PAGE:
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Publication numberUS1643425 A
Publication typeGrant
Publication dateSep 27, 1927
Publication numberUS 1643425 A, US 1643425A, US-A-1643425, US1643425 A, US1643425A
InventorsDavid L. Sxtmmey
Export CitationBiBTeX, EndNote, RefMan
External Links: USPTO, USPTO Assignment, Espacenet
Necticut
US 1643425 A
Abstract  available in
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Claims  available in
Description  (OCR text may contain errors)

Sept. 27,1927.

D. L. SUMMEY ART OF' FURNACE LINING Filed Oct. l, 925

IMI-Mr li :Il Il lllllllllllll Illnllillllllill Svwenoz f; QMMQ 4 @WNY Patented Sept. 27,1927.

UNITED STATES PA'raN'r'orrlcl-z.

DAVID L. SUMMEY, OF WATERBUBY, CONNECTICUT, ASSIGNOB TO BCOVILL MANU- FACTURING COMPANY, OF WATERBURY, CONNECTICUT, A CORPORATION F CON- NECTICUT.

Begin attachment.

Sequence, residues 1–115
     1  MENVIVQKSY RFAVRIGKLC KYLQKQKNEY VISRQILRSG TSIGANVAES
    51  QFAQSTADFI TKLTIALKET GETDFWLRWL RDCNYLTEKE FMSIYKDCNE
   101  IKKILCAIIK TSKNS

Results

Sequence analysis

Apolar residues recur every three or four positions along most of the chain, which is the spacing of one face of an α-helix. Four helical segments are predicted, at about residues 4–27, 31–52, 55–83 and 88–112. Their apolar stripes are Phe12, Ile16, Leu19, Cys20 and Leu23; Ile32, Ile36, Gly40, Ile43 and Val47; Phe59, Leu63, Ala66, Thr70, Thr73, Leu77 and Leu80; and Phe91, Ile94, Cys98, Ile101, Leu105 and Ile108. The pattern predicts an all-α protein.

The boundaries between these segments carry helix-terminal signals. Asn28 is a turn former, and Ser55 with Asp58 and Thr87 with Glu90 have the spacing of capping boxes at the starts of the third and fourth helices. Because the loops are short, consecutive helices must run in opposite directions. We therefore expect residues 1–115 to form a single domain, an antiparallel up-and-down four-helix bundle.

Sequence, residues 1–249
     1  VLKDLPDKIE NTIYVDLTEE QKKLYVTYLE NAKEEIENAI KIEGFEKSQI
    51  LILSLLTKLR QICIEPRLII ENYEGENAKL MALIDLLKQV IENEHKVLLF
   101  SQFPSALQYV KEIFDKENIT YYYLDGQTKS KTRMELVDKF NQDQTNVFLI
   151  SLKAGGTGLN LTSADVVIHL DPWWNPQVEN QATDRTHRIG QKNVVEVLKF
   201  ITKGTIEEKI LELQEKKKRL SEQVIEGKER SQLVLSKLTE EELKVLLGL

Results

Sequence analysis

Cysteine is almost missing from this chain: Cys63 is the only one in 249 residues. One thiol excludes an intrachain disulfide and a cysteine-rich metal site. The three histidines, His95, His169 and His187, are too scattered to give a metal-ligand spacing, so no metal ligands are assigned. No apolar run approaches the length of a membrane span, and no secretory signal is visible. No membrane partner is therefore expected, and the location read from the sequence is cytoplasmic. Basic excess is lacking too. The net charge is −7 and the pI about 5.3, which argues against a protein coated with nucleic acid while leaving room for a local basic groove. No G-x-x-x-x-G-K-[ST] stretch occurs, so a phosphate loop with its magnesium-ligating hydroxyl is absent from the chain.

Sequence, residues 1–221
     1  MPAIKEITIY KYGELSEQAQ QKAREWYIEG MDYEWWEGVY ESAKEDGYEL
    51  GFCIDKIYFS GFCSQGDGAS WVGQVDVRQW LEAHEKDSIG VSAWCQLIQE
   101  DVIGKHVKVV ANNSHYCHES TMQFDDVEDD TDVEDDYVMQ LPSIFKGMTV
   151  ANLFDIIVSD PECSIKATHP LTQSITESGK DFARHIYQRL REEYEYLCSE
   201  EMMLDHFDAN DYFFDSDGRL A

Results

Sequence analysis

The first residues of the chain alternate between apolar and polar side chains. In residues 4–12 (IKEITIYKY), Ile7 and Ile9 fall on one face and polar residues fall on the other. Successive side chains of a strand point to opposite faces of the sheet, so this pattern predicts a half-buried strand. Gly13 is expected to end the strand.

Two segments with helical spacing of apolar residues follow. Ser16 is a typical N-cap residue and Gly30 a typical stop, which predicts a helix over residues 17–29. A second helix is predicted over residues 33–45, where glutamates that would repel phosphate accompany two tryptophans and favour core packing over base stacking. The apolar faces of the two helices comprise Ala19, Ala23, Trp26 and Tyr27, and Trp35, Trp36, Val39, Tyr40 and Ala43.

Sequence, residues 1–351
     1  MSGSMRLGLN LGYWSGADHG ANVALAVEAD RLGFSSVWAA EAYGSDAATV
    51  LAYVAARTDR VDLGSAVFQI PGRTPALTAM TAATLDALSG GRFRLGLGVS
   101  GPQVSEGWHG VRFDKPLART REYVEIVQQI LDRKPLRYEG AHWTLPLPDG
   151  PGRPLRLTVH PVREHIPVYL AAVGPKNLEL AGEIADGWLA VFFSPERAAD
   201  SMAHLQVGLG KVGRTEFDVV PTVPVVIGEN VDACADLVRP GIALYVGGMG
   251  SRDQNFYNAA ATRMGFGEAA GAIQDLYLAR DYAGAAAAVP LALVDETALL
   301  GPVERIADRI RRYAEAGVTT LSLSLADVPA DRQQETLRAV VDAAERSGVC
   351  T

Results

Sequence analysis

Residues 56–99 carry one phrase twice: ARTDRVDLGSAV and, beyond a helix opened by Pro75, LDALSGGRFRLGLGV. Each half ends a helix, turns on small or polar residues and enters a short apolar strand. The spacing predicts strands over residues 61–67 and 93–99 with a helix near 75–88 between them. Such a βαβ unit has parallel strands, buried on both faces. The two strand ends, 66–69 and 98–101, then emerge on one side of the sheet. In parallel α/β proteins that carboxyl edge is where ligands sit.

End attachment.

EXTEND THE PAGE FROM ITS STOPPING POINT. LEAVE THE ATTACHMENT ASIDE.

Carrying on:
ABT OF FURNACE LINING.

Application nled October 1, 1826. Serial Ha. 138,858.

This ,invention relates to the art of furnace lining.

.In a known type of induction furnace which may be cited as an 'example, anI ino terior channel or passage/usually roughl V-shaped, communicates at its two en s with the hearth of the furnace. This channel :rfceiv'es a portion of the molten bath which acts as the secondary of the transl0 former'and the molten metal is circulated through the channel, thereby establishing. a circulation of vthe bath for thev eectivc transmission of heat to the charge.. Such a furnace is shown in U. S. patent to James l R. Wyatt, No. 1,201,671.

The channel referred to, because of the hi h temperatures involved, is bounded by refractory material. According to known practice, the channel is formed by'tamping refractory material around a tem let or pattern of the shape of the desired c annel, allowing the refractory material to set, and removing or destroying the templet by means of heat. If expansion of the templet, under 25, the application of heat, is not prevented, the